MacOS Tagged VLAN Setup

To configure a VLAN on a macOS device:

  1. Open System Preferences: Click the Apple menu and go to “System Preferences.”
  2. Network Settings: Select “Network” to view your network configurations.
  3. Add VLAN Service: Click the “+” button to add a new service. In the interface dropdown, pick your Ethernet interface, then select “VLAN.”
  4. Configure VLAN: Name the VLAN service and enter the VLAN tag (ID) that aligns with your network setup.
  5. IP Configuration: Set up other network parameters like IP address and subnet mask, either manually or through DHCP, based on your network’s setup.

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A Simple overview of my network

To finish up lets go through what we’ve talked about and have a look at how i segment my network.

Let’s consolidate everything we’ve discussed into a cohesive picture of how my network is segmented and organized.

Network Layout

graph LR

Modem(Modem - ISP) -->|Untagged VLAN 10| Switch\[Managed Switch]

Switch -->|Port 2: Trunk All VLANs| Baragon(Proxmox Host - Baragon)

Switch -->|Port 3: Trunk| WiFiAP1(WiFi AP - Upstairs)

Switch -->|Port 4: Trunk| OfficeSwitch\[Office - 2nd Managed Switch]

Switch -->|Port 5: Trunk| Scylla(Mini Micro - Scylla)

Switch -->|Port 6: Untagged VLAN 20| StreamVM(Streaming VM)

Switch -->|Port 7: Untagged VLAN 110| IoT(Chromecast - IoT)

Switch -->|Port 4: Trunk| Powerline\[Powerline Adapter]

Powerline --> GarageWiFiAP(WiFi AP - Garage)

OfficeSwitch --> |Port 1: Trunk| Desktop(Desktop PC)

OfficeSwitch --> |Port 2: Trunk| MediaServer(Media Server)

OfficeSwitch --> |Port 3: Trunk| BackupServer(Backup Server)

OfficeSwitch --> |Port 4: Untagged VLAN 20| LaptopDock(Laptop Dock)


classDef vlan fill:#f9f,stroke:#333,stroke-width:2px;

class Modem,StreamVM,IoT vlan;

  • Managed Switch Core: At the heart of my home network is a managed switch, orchestrating VLAN distribution and traffic flow.
  • ISP Connection (Port 1): Port 1, with an untagged VLAN 10, connects to my NBN (ISP) modem, serving as the gateway to the internet.
  • Proxmox Host - Baragon (Port 2): Baragon, a Proxmox host running an OPNsense VM, is linked to port 2. With just one Ethernet port available, it trunks all VLANs, acting as a versatile network hub.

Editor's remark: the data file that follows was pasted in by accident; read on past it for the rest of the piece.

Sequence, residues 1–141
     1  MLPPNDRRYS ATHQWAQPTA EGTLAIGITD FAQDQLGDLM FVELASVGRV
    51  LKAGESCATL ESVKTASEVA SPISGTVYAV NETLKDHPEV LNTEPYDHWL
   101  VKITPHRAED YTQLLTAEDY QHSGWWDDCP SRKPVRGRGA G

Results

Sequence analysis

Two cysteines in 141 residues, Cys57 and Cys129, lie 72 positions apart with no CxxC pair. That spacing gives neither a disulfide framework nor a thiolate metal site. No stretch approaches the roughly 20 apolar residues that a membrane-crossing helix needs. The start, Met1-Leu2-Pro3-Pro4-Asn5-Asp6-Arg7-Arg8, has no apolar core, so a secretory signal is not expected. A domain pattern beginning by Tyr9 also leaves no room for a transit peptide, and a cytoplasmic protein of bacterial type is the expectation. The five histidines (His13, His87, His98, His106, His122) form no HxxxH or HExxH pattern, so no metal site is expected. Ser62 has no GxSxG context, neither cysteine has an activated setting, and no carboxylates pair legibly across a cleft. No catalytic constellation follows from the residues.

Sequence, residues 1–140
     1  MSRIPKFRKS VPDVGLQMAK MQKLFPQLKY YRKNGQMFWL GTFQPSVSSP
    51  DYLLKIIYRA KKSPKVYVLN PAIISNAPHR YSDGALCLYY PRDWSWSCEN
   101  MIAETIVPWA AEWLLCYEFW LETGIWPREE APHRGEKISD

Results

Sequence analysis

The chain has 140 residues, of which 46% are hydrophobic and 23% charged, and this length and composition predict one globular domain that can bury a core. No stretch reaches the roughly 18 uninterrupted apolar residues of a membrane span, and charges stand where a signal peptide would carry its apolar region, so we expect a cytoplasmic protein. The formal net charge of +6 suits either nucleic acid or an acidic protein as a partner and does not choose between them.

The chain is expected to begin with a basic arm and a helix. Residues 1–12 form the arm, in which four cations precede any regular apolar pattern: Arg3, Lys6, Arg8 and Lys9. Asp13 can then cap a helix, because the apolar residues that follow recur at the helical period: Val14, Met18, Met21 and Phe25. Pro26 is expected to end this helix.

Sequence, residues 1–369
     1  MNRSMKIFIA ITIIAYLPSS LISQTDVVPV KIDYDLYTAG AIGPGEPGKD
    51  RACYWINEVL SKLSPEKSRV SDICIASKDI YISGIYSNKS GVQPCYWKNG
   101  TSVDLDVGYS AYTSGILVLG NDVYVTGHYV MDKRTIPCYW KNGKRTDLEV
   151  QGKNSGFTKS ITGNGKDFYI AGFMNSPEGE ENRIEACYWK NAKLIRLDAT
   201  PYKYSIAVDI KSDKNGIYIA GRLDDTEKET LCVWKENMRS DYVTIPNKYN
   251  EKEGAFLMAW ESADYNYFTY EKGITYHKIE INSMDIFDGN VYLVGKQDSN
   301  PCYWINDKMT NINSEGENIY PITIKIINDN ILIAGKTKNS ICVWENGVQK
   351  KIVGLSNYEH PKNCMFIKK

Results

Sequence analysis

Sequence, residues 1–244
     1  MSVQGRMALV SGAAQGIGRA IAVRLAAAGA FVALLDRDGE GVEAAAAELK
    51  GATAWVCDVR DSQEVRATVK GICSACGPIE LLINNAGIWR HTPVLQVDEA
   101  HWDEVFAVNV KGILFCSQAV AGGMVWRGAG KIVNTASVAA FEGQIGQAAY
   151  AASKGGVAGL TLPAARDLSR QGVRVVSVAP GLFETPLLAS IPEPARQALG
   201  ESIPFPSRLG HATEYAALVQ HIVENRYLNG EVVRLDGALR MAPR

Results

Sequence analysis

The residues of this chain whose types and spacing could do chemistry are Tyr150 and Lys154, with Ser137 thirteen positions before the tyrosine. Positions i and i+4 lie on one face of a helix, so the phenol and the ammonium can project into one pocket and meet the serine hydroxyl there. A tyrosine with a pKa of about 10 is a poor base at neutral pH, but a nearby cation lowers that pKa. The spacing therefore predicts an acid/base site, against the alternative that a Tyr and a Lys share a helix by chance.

• WiFi and Powerline Adapters (Ports 3/4): Ports 3 and 4 trunk to a WiFi access point upstairs and a powerline adapter, respectively. The latter extends the network to another WiFi access point in the garage.
  • Office Connectivity (Port 4): This port is tagged for services, storage, and LAN, running directly to a second managed switch in the office.
  • Mini Micro Host - Scylla (Port 5): Port 5 is trunked to Scylla, a secondary mini micro host that functions as both a High Availability (HA) unit and a game streaming server.
  • Dedicated Streaming VM (Port 6): Port 6, an untagged LAN, is allocated to a moonlight streaming VM on Baragon for enhanced streaming performance.
  • IoT Devices (Port 7): Untagged Port dedicated to IoT, connects to devices like a Chromecast, ensuring isolated and secure IoT operation.
  • Second Managed Switch: This switch hosts a mixture of trunks and untagged LAN ports, connecting vital components like my main desktop PC, media server, backup server, and laptop dock.

In this journey through the intricate world of home networking, we’ve traversed from the foundational aspects of VLANs and firewalls to the practical applications within a sophisticated home network. We’ve seen how VLANs can bring a new level of organization, security, and efficiency to our network, allowing for seamless segmentation and tailored traffic management. Our exploration of connecting various devices, from Proxmox VMs to WiFi access points, demonstrates the versatility and power of a well-structured network. As we conclude, I hope this blog post not only enlightens but also inspires you to look at your home network as more than just a mere connection point, but as a dynamic, secure, and highly efficient system. Whether you’re a seasoned network enthusiast or just starting out, remember, the journey to an optimized home network is continuous, and there’s always room to grow and improve.